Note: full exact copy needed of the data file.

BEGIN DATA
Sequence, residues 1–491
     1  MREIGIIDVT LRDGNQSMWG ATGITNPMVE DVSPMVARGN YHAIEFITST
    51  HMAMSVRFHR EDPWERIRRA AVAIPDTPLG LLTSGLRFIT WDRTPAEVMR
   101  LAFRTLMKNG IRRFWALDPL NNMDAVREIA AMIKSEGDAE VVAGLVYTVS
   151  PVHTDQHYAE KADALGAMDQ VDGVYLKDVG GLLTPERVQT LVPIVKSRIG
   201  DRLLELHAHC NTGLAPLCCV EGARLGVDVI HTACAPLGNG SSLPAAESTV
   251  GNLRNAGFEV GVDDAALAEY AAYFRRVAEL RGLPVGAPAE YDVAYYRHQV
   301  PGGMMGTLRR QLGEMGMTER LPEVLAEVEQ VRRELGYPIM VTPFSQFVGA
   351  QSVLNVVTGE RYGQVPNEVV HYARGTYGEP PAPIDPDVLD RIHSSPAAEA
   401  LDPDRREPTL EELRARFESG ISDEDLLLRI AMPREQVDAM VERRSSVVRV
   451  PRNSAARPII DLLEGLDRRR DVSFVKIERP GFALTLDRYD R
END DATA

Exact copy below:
Sequence, residues 1–491
     1  MREIGIIDVT LRDGNQSMWG ATGITNPMVE DVSPMVARGN YHAIEFITST
    51  HMAMSVRFHR EDPWERIRRA AVAIPDTPLG LLTSGLRFIT WDRTPAEVMR
   101  LAFRTLMKNG IRRFWALDPL NNMDAVREIA AMIKSEGDAE VVAGLVYTVS
   151  PVHTDQHYAE KADALGAMDQ VDGVYLKDVG GLLTPERVQT LVPIVKSRIG
   201  DRLLELHAHC NTGLAPLCCV EGARLGVDVI HTACAPLGNG SSLPAAESTV
   251  GNLRNAGFEV GVDDAALAEY AAYFRRVAEL RGLPVGAPAE YDVAYYRHQV
   301  PGGMMGTLRR QLGEMGMTER LPEVLAEVEQ VRRELGYPIM VTPFSQFVGA
   351  QSVLNVVTGE RYGQVPNEVV HYARGTYGEP PAPIDPDVLD RIHSSPAAEA
   401  LDPDRREPTL EELRARFESG ISDEDLLLRI AMPREQVDAM VERRSSVVRV
   451  PRNSAARPII DLLEGLDRRR DVSFVKIERP GFALTLDRYD R